Sep 29 2017

Mercury Poisoning: Taking action before it’s too late!

By By Richa Sharma and Raghav Trehan*

“And virtually none of the children knew that mercury is toxic,” -Juliane Kippenberg [1]

 

Mercury is a silver coloured liquid metal which is found in a mercury sulfide mineral called Cinnabar [2]. Mercury is used in gold mining, dental amalgams, thermometers, fluorescent lights and a lot of other fields. This article will be focusing on how child labourers are being affected by the usage of mercury in gold mining and how mercury poisoning can be prevented by using other methods of extraction.

Extraction of Gold – The Process

“Mercury attacks the central nervous system. It can cause lifelong disability, including brain damage, and even death.” – Carlos Conde [3]

Mercury is mixed with the gold ore in order to isolate gold from it. This results in a mercury-gold amalgam which is further heated to obtain gold. Evaporation of mercury gas which occurs during the process is extremely poisonous.

Child labour in Philippines

“Thousands of children in the Philippines risk their lives every day mining gold. Children work in unstable 25-meter-deep pits that could collapse at any moment. They mine gold underwater, along the shore, or in rivers, with oxygen tubes in their mouths. They also process gold with mercury, a toxic metal, risking irreversible health damage from mercury poisoning.” – Juliane Kippenberg [5]

According to the Minamata Convention [4], usage of mercury is supposed to be eliminated. Simply having strict laws on paper is not sufficient for putting an end to this situation. These laws need to be enforced. Poor families and children from various parts of the world are still involved with gold mining, as this is their only source of income. Taking risky dives in search of gold, is not what children as young as 9 years old are meant to be doing.

Let’s have a look at some of the child labour laws in Philippines [6]:

  1. Minimum Age for Hazardous Work (18) is mentioned in Article 139 of the Labor Code (48).
  2. Prohibition of Hazardous Occupations or Activities for Children:
    Department Order 4 on Hazardous Work and Activities to Persons Below 18 Years of Age; Section 12-D of the Special Protection of Children Against Abuse, Exploitation, and Discrimination Act (49, 50)
  3. Prohibition of Forced Labor:
    Section 4-5 of the Expanded Anti-Trafficking in Persons Act; Section 12-D of the Special Protection of Children Against Abuse, Exploitation, and Discrimination Act (51, 52)

As we can see, none of these laws have been enforced. It’s not only about Philippines, various other countries seem to be in the same situation.

Solutions to the problem

Instead of using mercury in order to obtain gold, there are a number of other methods that yield the same results. These methods are less hazardous as they do not involve gold-mercury amalgam. A list of mercury free methods have been listed on EPA’s website [7] – gravity concentration methods such as panning, sluicing, shaking tables and other concentration methods such as using magnets and flotation.

New discovery: Orange peels can reduce mercury contamination

A new study by researchers from Flinders University in South Australia reveals that limonene combined with non-toxic industrial waste can clear up mercury contaminated areas effectively. A polymer is created when these two elements are combined.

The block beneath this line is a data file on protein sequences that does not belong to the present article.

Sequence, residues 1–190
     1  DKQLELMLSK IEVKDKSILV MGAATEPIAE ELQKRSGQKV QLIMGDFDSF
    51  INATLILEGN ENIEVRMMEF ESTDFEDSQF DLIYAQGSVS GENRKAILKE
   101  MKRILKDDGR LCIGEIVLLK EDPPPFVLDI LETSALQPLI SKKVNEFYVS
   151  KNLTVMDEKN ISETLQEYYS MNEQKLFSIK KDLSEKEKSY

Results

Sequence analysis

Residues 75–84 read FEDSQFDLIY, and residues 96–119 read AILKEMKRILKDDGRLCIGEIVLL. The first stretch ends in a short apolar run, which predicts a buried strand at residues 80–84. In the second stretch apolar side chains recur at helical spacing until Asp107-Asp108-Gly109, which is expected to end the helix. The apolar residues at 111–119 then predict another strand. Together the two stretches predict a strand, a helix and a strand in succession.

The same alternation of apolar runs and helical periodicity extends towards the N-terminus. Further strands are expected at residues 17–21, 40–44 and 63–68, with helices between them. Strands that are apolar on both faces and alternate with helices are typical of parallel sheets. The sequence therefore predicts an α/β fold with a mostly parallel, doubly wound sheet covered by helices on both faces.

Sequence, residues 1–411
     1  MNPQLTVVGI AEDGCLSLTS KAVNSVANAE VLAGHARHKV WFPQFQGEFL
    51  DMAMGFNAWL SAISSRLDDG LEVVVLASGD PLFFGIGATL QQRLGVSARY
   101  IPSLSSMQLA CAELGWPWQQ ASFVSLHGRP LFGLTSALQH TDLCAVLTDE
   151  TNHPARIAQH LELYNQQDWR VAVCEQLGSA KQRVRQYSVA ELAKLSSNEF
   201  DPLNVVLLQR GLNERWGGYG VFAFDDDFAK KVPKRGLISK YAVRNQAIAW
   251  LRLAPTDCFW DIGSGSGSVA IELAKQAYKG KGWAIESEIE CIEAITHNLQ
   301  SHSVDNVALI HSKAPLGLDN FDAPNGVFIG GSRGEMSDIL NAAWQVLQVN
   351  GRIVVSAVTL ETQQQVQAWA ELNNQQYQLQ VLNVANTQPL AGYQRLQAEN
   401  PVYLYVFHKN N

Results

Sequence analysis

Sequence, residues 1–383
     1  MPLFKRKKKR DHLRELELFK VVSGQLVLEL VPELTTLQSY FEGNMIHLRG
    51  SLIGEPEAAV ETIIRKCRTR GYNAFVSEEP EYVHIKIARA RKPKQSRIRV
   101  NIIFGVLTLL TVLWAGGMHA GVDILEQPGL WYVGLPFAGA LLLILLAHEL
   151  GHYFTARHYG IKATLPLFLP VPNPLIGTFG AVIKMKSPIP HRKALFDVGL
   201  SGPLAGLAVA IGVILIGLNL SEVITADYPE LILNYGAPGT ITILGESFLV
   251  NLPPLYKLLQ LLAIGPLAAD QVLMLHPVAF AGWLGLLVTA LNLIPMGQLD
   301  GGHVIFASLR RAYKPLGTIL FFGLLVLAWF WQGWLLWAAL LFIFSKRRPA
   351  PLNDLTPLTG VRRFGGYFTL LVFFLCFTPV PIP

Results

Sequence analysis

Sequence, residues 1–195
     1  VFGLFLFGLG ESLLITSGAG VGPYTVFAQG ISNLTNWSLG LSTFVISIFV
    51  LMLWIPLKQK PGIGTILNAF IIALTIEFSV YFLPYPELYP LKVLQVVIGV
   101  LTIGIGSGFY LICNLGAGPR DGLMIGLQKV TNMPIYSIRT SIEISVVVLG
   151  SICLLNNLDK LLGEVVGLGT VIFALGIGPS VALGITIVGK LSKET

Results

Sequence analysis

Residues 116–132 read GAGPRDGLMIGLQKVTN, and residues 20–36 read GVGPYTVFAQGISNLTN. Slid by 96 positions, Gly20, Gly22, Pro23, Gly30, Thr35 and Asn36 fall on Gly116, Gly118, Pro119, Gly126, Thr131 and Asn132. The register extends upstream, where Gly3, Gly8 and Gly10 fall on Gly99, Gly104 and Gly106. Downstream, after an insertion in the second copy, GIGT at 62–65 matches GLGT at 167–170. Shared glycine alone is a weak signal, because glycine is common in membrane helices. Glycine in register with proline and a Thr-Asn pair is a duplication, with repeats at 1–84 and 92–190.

“More than 70 million tons of sulfur is produced each year by the petroleum industry, so there are literally mountains of it lying, unused, around the globe, while more than 70 thousand tons of limonene is produced each year by the citrus industry (limonene is found mainly in orange peels) So not only is this new polymer good for solving the problem of mercury pollution, but it also has the added environmental bonus of putting this waste material to good use while converting them into a form that is much easier to store so that once the material is ‘full’ it can easily be removed and replaced.” – Justin Chalker [8]

Summary of recommendations made by the Human Rights Watch report

These recommendations have been made for the Philippines Government, UN agencies and donors, international gold traders and refiners [9]:

  • Investigate and monitor child labor in small-scale gold mining.
  • Offer appropriate part-time youth employment opportunities for adolescents between the ages of 15 and 17, that do not interfere with the compulsory schooling requirement for these children.
  • Ratify the Minamata Convention on Mercury and implement its provisions
  • Conduct biomonitoring in small-scale mining areas to assess levels of mercury exposure among local communities and provide treatment to those in need

References

[1] https://www.hrw.org/report/2011/12/06/poisonous-mix/child-labor-mercury-and-artisanal-gold-mining-mali

[2] http://geology.com/minerals/cinnabar.shtml

[3] https://www.youtube.com/watch?v=qk6utXucq2o

[4] http://www.mercuryconvention.org/

[5] https://www.hrw.org/report/2015/09/29/what-if-something-went-wrong/hazardous-child-labor-small-scale-gold-mining

[6] https://www.dol.gov/agencies/ilab/resources/reports/child-labor/philippines

[7] https://www.epa.gov/international-cooperation/artisanal-and-small-scale-gold-mining-without-mercury

[8] http://www.natureworldnews.com/articles/17729/20151023/water-pollution-orange-peels-suck-up-mercury-new-study-shows.htm

[9] https://www.hrw.org/report/2015/09/29/what-if-something-went-wrong/hazardous-child-labor-small-scale-gold-mining

*Richa Sharma and Raghav Trehan are 4th-year students, pursuing their B.A. LL.B. (Hons.) at Fairfield Institute of Management and Technology, GGSIPU, New Delhi. They are keenly interested in human rights and environmental law. Currently, they are actively volunteering for Greenpeace India’s Solar Campaign.

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